Take a longer-term orientation. Consider structuring programs to reflect passive managers’ longer-term orientation. For example, consider larger equity grants that vest over an extended timeframe (e.g., five to seven years, in place of today’s standard three-year approach). Consider stepping away from overlapping performance periods (e.g., a new three-year performance period begins every year), opting instead for end-to-end cycles in an effort to increase participant focus on long-term results. Stock options, which have largely gone extinct, might make good sense to reintroduce as their term to exercise (oftentimes 10 years) provides natural long-term alignment. Further, upping ownership requirements for key executives and board members can underscore the long-term owner orientation.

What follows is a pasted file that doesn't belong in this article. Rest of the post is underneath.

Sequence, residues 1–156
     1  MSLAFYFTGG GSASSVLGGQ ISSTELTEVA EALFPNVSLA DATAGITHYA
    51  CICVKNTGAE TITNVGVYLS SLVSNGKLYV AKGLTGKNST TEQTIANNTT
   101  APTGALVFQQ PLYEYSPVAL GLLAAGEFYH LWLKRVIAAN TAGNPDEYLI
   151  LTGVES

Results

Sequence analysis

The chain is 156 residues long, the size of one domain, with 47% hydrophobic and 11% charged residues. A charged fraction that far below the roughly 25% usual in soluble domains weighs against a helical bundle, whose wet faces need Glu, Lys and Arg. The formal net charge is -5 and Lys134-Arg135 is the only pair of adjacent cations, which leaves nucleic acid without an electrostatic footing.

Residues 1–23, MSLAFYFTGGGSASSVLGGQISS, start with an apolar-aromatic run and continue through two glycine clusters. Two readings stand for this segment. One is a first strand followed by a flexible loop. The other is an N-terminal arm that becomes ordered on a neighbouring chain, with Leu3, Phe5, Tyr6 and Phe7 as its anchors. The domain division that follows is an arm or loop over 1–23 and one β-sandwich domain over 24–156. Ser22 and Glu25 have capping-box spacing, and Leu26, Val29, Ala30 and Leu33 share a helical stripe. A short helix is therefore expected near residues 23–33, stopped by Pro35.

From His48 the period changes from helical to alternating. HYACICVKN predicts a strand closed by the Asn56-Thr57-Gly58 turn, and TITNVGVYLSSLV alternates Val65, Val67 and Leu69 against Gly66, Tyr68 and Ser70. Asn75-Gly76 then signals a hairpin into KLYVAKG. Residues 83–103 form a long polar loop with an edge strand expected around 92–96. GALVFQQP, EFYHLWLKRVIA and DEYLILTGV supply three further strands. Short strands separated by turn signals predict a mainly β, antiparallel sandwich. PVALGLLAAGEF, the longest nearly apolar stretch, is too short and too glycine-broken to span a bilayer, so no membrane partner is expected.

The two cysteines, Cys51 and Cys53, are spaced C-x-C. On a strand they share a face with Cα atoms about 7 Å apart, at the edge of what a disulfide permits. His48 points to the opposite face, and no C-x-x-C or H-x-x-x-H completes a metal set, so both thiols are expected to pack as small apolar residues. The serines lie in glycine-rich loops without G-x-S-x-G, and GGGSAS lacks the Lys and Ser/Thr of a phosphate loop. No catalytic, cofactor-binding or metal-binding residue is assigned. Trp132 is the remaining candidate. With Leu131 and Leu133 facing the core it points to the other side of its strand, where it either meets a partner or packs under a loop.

Monitor compensation equality and fairness. As CEO pay ratio and gender pay equity garner more and more attention, boards have an opportunity to set the tone to ensure these issues are appropriately prioritized. We are already seeing many compensation committees’ expanding their roles and charters to cover broader topics, including pay equality, culture, talent development and succession planning.
Introduce non-traditional pay metrics. Double down on ESG-attendant commitments, making clear what matters and why. Doing so can enhance a company’s reputation, generate political capital with regulators, introduce potential cost savings through reduced inputs, and create new product and service offerings. Consider whether direct measurement and incentives are helpful signals, both internally and externally, in support of those ESG commitments.
Today and in light of the rise of passive investing, those investor needs and priorities are shifting for many companies. Consider the “operating instructions” above as helpful prompts for your next review.
Finally, while market data is an important input to pay design and decisions, it is not determinative on its own. Increasingly today, investors are focused on long-term strategy as the priority, and it is okay to step away from the herd when connecting your pay programs to your long-term strategy.